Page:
The surest sign of innate virtues is innate absence of envy.
… John Lennon. Spooky. As long as you are not a celebrity yourself, you do not know how spooky it is. They love you because you are like how they would like to be, and they hate you, because you are like they are not. There is always this ambivalence towards a celebrity, and you never know what aspect would manifest next. That was also the case with Rigel. At first he was friendly because he thought he would talk to some bigwig, and that had nourished his European vanity, now he was angry because he thought that the bigwig would consider himself as someone bigger than him or so.
Robert Pirsig, Lila: An Inquiry into Morals
According to René Girard (1923 – 2015), people within society to a considerable degree revolve around mimesis. Since individuals usually do not have original desires of their own (or are not very well aware about them), they imitate others. If mimetic imitation fails – and there is a lot of potential for failure within mimetic dynamics – it produces grief, unhappiness, rivalry, conflict, resentment and envy. Societies are bound together through mimesis and imitation (they may actually and originally stem our from it); if mimesis between individuals and groups fails, society may eventually fall apart. Because of this, societies and collectives (and, finally, individuals themselves) are permanently undergoing vibrations caused by successful/positive/harmless/productive mimetic dynamics and more sinister mirror images of unproductive and/or conflictual mimetic dynamics.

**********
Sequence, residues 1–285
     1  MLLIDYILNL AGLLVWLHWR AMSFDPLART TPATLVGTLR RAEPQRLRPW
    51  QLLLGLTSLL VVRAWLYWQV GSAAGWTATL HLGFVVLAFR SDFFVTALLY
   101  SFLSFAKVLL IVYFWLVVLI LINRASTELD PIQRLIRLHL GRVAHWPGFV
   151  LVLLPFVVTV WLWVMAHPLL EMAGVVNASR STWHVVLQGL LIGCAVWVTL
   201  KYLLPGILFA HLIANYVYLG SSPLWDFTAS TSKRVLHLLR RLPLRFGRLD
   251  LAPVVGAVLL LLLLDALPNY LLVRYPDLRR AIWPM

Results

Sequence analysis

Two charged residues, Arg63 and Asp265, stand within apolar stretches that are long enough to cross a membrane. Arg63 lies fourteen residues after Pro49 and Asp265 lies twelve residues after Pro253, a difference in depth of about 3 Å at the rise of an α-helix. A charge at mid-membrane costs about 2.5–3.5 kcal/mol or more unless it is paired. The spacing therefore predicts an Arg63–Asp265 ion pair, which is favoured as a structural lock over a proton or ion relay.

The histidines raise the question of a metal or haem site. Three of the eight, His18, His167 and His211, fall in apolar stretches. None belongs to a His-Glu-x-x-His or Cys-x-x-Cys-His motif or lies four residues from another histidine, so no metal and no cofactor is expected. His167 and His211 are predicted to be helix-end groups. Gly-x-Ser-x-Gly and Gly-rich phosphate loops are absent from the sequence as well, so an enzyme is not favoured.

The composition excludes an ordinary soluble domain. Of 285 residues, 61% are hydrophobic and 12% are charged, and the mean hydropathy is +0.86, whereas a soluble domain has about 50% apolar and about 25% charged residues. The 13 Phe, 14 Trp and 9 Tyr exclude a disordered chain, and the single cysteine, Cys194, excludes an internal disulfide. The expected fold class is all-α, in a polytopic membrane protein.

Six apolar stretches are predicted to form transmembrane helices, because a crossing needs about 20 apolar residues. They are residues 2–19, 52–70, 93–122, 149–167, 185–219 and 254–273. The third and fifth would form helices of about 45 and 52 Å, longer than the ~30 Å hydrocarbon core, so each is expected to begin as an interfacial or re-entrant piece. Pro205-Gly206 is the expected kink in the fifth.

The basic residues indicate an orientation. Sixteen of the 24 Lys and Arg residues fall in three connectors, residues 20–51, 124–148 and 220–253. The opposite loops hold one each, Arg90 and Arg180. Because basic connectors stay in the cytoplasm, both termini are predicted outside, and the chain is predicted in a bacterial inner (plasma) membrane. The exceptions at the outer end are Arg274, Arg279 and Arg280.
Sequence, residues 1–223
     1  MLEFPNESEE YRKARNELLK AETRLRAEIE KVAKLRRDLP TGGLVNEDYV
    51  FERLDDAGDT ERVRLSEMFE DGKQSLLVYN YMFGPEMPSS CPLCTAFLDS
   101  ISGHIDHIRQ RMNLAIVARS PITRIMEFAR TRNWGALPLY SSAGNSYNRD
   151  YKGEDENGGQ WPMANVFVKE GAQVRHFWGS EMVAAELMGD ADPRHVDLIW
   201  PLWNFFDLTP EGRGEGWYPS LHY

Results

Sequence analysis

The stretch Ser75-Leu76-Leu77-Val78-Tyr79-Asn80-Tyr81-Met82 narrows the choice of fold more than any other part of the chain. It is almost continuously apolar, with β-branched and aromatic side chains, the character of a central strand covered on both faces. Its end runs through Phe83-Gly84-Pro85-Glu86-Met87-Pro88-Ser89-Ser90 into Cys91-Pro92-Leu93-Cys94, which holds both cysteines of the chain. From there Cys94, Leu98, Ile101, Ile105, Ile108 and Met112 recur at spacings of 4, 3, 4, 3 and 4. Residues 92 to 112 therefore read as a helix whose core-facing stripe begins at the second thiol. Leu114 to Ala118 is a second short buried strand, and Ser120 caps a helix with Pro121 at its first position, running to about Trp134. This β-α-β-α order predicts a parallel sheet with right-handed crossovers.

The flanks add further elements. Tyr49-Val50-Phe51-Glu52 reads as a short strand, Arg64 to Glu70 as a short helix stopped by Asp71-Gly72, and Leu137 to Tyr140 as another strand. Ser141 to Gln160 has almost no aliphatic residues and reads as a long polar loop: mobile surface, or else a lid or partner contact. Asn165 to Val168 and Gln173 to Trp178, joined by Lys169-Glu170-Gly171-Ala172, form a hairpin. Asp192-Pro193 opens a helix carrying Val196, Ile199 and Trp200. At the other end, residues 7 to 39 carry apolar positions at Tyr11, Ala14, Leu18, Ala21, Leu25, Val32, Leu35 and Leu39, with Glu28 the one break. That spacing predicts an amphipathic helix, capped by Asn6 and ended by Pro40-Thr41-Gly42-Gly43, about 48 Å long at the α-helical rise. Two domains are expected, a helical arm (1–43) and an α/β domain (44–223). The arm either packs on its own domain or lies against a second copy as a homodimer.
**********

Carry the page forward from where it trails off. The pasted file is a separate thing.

In Girard´s reading of ancient and atavistic myths (as well as his highly interesting interpretations of world literature, like that of Shakespeare), human society is based on pacifcation of primordial violence and conflict, revolving around mimesis and envy. Human collectives are permanently endangered of rivalries between its members that may spill over the collective at large and become endemic and self-sustaining. „It is unpleasant to see that the sanctum of human culture is, in reality, a rotten core“, he notes in his great book about Shakespeare (Chapter 25). The „rotten core“ of culture is, in his reading, the sacrifice of a scapegoat. When mimetic rivalries or more anonymous tensions (that cannot be controlled) within a collective rise, more and more members of the collective will look for a scapegoat upon which they can unleash their violent frustration. Outsiders (that cannot be mirrored and therefore may produce sentiments of estrangement) and individuals that are handicapped in some way (and therefore seem „impure“ and provoke sentiments of disgust) are prone to become scapegoats. Ancient and atavistic myths and mythology, including christianity, often revolve around the collective murder and sacrifice of a scapegoat-like individual that cannot be beared by the collective as it unsettles the collective and its hierachies, whereas via that sacrifice the mimetic rivalries become pacified and the dead scapegoat canonised as a cultural hero or a god. That is the „rotten core“ of culture, and something that society (most noteworthy contemporary Western society) has chosen to suppress and erase adequate memory from it. It is (if it is true) not a convenient truth, to be sure.